ACDF vs CTDR Surgeries: Who Is A Good Candidate For Cervical Spine Surgery?

November 12, 2019 | Spine Surgery

Knowing The ABCs Of Cervical Spine Surgery

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Back and neck pain are among the most common ailments in the US. Among adults, 60-80% experience back pain, and 20-70% experience neck pain. While the causes of neck and back pain vary, treatment options can sometimes include surgery. When considering cervical spine surgery, candidates should know the differences between the two primary options: ACDF and CTDR.

What happens during ACDF surgery?

Anterior cervical discectomy and fusion (ACDF) surgery is used to treat herniated discs that cause neck and back pain. During the procedure, a spine surgeon makes a small incision in the front of the neck. The surgeon then removes the damaged disc and performs a fusion of 2 or more bones in the cervical spine. This provides stability for the spine, although the fusion can reduce the range of motion.

What happens during CTDR surgery?

Cervical total disc replacement (CTDR) is another spine surgery used to treat neck or back pain. In this procedure, the surgeon also uses a minimally invasive approach and makes a small incision at the front of the neck. In CTDR surgeries, the surgeon inserts a mechanical device in place of the disc. This helps preserve the range of motion.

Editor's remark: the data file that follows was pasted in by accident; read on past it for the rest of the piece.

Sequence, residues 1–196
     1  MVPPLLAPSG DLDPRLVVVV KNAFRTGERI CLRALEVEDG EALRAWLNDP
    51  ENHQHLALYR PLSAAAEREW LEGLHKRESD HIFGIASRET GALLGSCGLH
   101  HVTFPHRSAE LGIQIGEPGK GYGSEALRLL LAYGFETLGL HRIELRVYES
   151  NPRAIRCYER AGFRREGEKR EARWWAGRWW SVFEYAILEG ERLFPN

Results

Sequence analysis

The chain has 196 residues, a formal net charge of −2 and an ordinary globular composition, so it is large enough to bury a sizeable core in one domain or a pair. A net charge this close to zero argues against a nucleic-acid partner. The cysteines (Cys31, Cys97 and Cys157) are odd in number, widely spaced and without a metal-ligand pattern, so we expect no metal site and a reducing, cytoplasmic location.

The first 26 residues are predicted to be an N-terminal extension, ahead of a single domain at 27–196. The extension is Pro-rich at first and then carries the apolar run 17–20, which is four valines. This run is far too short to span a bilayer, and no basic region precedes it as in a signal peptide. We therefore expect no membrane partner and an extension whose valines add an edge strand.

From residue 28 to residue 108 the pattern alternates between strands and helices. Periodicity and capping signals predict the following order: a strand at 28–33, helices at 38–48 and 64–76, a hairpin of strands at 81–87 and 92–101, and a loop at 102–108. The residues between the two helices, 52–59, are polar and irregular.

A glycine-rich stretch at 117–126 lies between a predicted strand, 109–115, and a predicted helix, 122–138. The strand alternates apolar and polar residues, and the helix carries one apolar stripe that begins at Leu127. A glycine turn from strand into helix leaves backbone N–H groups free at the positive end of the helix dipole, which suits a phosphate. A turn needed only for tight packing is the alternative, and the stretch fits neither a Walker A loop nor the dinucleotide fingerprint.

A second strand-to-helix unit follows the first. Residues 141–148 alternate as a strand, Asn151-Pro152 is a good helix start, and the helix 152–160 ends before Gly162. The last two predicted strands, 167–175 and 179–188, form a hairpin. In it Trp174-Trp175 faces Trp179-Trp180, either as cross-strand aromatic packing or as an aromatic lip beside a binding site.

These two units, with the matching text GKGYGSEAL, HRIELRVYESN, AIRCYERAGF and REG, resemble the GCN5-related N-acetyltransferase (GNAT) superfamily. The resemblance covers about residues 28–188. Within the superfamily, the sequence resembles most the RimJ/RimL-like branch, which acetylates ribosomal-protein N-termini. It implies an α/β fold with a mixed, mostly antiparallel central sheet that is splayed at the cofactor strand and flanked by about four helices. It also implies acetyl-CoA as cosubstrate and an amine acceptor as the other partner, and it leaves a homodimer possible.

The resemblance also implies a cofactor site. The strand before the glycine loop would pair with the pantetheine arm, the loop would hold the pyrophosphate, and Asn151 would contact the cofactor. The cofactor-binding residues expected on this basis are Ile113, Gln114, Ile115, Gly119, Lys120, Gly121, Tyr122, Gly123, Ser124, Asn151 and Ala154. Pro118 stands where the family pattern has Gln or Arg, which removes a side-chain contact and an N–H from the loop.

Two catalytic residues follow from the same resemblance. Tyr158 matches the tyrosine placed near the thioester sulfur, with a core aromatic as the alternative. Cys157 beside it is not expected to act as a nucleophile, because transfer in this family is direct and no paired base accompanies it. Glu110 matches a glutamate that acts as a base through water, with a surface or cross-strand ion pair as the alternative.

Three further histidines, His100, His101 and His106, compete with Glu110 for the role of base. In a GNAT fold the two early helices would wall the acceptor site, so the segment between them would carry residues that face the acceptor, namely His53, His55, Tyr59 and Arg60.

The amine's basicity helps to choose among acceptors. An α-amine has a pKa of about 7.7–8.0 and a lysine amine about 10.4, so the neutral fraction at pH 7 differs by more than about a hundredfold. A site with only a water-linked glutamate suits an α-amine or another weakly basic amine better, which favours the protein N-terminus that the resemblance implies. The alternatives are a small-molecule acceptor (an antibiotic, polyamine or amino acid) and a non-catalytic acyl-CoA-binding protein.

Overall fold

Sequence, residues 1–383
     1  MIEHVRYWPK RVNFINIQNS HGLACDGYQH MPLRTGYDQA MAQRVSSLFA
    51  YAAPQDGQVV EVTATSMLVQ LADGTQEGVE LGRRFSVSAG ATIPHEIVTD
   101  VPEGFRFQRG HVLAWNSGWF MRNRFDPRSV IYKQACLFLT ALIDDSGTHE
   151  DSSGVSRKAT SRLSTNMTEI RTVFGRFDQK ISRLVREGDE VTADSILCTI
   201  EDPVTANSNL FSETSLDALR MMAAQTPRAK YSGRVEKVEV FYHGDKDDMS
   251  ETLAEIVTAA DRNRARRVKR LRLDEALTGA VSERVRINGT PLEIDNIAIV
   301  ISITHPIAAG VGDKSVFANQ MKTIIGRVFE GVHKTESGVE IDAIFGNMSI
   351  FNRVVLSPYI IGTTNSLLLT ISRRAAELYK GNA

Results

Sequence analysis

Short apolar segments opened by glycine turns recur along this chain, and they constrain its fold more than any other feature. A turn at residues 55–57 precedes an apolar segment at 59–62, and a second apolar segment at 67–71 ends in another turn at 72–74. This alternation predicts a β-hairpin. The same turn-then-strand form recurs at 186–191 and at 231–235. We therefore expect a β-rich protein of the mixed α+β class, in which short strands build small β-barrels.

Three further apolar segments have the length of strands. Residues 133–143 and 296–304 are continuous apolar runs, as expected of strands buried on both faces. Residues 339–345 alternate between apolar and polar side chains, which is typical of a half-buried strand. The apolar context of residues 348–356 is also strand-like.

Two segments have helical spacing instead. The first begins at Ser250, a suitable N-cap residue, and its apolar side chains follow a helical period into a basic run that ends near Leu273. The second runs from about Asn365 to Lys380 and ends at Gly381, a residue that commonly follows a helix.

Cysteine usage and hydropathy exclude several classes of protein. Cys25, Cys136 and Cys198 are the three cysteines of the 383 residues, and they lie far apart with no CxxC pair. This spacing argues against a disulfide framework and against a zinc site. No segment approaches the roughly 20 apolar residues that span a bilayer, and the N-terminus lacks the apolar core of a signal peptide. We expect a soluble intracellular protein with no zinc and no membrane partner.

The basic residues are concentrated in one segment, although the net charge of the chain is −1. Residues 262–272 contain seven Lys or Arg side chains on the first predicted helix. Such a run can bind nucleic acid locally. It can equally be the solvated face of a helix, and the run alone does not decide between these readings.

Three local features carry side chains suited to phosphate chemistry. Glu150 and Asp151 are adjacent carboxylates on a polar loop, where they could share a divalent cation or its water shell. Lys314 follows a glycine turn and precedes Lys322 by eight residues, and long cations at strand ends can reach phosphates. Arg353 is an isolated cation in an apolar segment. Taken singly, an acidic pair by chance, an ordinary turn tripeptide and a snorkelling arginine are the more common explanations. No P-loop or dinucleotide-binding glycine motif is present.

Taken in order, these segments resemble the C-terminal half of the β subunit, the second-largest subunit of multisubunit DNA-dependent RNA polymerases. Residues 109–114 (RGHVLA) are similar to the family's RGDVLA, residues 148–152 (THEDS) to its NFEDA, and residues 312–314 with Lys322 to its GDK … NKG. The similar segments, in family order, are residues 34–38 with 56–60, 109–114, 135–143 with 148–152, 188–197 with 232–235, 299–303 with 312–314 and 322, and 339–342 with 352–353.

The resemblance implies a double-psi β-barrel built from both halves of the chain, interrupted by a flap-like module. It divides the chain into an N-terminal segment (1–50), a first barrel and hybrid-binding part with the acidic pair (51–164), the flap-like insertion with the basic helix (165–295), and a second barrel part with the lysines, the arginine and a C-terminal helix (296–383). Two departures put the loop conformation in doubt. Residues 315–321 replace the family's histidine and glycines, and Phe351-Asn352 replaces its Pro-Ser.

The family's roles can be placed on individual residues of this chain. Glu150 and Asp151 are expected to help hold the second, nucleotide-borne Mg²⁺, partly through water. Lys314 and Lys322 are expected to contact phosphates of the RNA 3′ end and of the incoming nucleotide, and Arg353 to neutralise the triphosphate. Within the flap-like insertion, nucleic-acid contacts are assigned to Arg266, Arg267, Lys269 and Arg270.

Which operation is better?

Both cervical spine surgeries provide treatment for patients suffering from a herniated disc or degenerative disc disease. The procedure the surgeon recommends will depend on the individual circumstances of the patient. For example, patients who are younger and only have one damaged disc may prefer total disc replacement. Patients with specific conditions such as arthritis may benefit more from discectomy and fusion.

Good surgical candidates

For most people, the spine has adequate cushion to allow for pain-free range of motion. However, due to age, arthritis, or degeneration, sometimes the cushioning between vertebrae decreases. This can be the result of spinal discs drying out, thinning, swelling, or bulging. When discs break open, this is called herniation. Many patients with these conditions experience chronic neck pain, back pain, headaches, or shoulder pain.

Treatment for neck and back pain

Surgery is not the first line of treatment for neck or back pain. Patients who consult with a physician will often start with less invasive treatments. Some of these may include stretching, massage, steroid injections, or certain medications. When pain does not improve, however, a healthcare provider may recommend surgery.

Find a spine surgeon today

While surgery is not always necessary, sometimes a minimally invasive spine surgery can be the best treatment for a herniated disc or degeneration. A spine surgeon can help patients understand the differences between ACDF and CTDR surgeries and which is the right treatment option.

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